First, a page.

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Anodising

Anodized aluminium

Aluminium alloys are anodized to increase corrosion resistance, to increase surface hardness, and to allow dyeing (colouring), improved lubrication, or improved adhesion. The anodic layer is non-conductive.

When exposed to air at room temperature, or any other gas containing oxygen, pure aluminium self-passivates by forming a surface layer of aluminium oxide 2 to 3 nm thick, which provides very effective protection against corrosion. Aluminium alloys typically form a thicker oxide layer, 5-15 nm thick, but tend to be more susceptible to corrosion. Aluminium alloy parts are anodized to greatly increase the thickness of this layer for corrosion resistance. The corrosion resistance of aluminium alloys is significantly decreased by certain alloying elements or impurities: copper, iron, and silicon, so 2000, 4000, and 6000-series alloys tend to be most susceptible. Some aluminium aircraft parts, architectural materials, and consumer products are anodized. Anodized aluminium can be found on mp3 players,cookware, cameras, sporting goods, buildings, window frames, roofs, in electrolytic capacitors, auto industry and on many other products both for corrosion resistance and the ability to retain dye. Although anodizing only has moderate wear resistance, the deeper pores can better retain a lubricating film than a smooth surface would.

The coating can crack, but it will not peel. The melting point of aluminium oxide is 2050 °C, much higher than pure aluminium's 658 °C. (This can make welding more difficult.) In typical commercial aluminium anodization processes, the aluminium oxide is grown down into the surface and out from the surface by equal amounts. So anodizing will increase the part dimensions on each surface by half of the oxide thickness. For example a coating that is (12 μm) thick, will increase the part dimensions by (6 μm) per surface. If the part is anodized on all sides, then all linear dimensions will increase by the oxide thickness. Anodized aluminium surfaces are harder than aluminium, although this can be improved with thickness and sealing.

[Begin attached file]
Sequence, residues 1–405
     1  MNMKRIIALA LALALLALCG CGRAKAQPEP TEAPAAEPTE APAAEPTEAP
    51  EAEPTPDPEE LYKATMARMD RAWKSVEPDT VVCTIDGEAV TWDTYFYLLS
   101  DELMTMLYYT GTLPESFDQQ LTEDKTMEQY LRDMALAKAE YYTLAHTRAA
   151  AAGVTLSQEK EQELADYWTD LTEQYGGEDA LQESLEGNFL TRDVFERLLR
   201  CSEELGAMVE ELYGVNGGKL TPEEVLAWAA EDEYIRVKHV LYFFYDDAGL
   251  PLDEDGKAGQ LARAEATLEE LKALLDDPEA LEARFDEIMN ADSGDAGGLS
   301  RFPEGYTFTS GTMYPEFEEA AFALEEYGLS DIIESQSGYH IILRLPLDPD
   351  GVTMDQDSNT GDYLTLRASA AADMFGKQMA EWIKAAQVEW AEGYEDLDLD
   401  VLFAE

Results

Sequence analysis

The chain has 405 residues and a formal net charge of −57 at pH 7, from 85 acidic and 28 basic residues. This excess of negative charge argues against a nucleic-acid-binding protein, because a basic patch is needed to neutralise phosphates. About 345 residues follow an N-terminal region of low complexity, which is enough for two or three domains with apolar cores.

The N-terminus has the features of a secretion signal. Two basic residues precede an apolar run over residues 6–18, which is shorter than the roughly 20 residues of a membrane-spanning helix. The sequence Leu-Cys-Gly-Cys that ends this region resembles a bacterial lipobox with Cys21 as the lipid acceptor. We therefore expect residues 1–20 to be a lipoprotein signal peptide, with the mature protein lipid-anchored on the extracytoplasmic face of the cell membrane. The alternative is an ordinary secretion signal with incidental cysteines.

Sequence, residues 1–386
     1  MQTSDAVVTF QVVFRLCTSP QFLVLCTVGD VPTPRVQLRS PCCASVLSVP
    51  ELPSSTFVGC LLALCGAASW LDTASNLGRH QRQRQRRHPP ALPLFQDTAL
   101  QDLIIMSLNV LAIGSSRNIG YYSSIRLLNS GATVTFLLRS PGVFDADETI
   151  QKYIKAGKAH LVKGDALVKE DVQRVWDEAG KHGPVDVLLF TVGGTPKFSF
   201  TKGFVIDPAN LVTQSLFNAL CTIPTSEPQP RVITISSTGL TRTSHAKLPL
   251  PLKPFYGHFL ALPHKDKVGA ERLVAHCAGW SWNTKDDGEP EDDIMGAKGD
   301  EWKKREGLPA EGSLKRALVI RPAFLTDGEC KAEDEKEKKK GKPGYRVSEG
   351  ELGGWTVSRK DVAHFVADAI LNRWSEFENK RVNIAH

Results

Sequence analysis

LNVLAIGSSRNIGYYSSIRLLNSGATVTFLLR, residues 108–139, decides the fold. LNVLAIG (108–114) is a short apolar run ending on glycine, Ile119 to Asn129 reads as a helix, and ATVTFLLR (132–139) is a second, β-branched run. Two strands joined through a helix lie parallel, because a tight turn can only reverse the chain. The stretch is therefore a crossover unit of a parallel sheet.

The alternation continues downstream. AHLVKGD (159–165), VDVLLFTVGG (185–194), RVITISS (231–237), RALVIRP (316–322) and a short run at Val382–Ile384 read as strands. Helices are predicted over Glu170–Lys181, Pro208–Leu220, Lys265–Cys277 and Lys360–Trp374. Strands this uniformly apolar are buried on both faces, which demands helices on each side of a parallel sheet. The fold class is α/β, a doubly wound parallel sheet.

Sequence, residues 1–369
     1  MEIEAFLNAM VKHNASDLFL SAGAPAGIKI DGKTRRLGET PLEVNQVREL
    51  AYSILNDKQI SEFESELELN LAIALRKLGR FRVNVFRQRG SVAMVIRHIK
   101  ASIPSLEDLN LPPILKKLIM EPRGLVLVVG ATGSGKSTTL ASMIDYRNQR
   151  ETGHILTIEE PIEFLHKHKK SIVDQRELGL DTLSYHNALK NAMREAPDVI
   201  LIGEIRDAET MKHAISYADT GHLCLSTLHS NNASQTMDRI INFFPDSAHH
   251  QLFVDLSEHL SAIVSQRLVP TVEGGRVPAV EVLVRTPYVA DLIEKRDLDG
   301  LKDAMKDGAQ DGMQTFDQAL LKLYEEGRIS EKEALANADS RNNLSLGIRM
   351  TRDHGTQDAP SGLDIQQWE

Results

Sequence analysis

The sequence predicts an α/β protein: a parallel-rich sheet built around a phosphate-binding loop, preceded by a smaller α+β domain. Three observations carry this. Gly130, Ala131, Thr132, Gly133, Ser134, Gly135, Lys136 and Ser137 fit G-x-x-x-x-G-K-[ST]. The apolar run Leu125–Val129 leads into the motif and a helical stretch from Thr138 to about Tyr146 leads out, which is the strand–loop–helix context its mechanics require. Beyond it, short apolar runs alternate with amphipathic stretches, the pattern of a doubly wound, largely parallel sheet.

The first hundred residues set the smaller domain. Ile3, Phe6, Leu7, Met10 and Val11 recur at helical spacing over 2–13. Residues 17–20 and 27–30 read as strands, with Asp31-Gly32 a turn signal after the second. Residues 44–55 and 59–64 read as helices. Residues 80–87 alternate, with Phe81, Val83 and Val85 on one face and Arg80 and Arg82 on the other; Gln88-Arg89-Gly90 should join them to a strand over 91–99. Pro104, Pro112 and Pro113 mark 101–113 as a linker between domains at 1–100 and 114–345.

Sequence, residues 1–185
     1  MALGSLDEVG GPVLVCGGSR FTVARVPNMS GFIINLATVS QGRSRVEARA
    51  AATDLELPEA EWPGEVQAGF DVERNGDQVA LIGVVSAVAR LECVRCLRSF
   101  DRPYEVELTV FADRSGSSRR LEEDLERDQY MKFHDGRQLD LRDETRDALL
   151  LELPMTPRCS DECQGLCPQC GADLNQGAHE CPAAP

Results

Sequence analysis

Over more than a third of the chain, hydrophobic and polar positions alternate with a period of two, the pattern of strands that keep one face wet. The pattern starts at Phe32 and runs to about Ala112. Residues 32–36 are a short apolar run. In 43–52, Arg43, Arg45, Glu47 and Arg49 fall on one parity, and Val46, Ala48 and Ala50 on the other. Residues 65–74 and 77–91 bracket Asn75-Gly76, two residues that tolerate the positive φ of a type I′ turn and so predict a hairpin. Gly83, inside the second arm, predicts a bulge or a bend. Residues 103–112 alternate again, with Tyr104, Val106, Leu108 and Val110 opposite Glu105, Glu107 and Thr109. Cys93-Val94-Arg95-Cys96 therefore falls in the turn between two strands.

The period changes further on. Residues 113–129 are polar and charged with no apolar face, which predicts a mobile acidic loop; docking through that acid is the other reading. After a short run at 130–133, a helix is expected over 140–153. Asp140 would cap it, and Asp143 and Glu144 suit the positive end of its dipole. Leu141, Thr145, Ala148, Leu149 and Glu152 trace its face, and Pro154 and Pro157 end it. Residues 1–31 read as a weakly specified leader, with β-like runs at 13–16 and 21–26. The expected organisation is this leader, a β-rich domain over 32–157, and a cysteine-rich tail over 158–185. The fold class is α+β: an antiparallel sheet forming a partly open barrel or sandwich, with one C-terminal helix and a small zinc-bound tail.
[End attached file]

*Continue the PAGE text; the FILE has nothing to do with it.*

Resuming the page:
The coating can crack, but it will not peel. The melting point of aluminium oxide is 2050 °C, much higher than pure aluminium's 658 °C. (This can make welding more difficult.) In typical commercial aluminium anodization processes, the aluminium oxide is grown down into the surface and out from the surface by equal amounts. So anodizing will increase the part dimensions on each surface by half of the oxide thickness. For example a coating that is (12 μm) thick, will increase the part dimensions by (6 μm) per surface. If the part is anodized on all sides, then all linear dimensions will increase by the oxide thickness. Anodized aluminium surfaces are harder than aluminium, although this can be improved with thickness and sealing.

Our Anodising line is the second largest in Hungary.

The maximal size of anodised product is: 7000 mm lenght x 350 mm width x 1800 mm high

Our Anodising line is ideal to anodise extruded profiles, large sheet products, and wlded aluminium parts.
Standard Anodising thicknesses: 5-10-15-20-25 mikron. Standard process: E6/EV1, means etching and pickeling
Standard Anodising colours: C0 Natur,

Capacity: 700 m2 pro shift, total capacity per year 600.000 M2

HKB CERT

Készítette: newtime kft.

Contact Telefon: 76/546-013
GORTER FÉMIPARI ZRT. Fax: 76/546-010
Kerekegyháza, Dózsa György út 1.     Email: info@gorterzrt.hu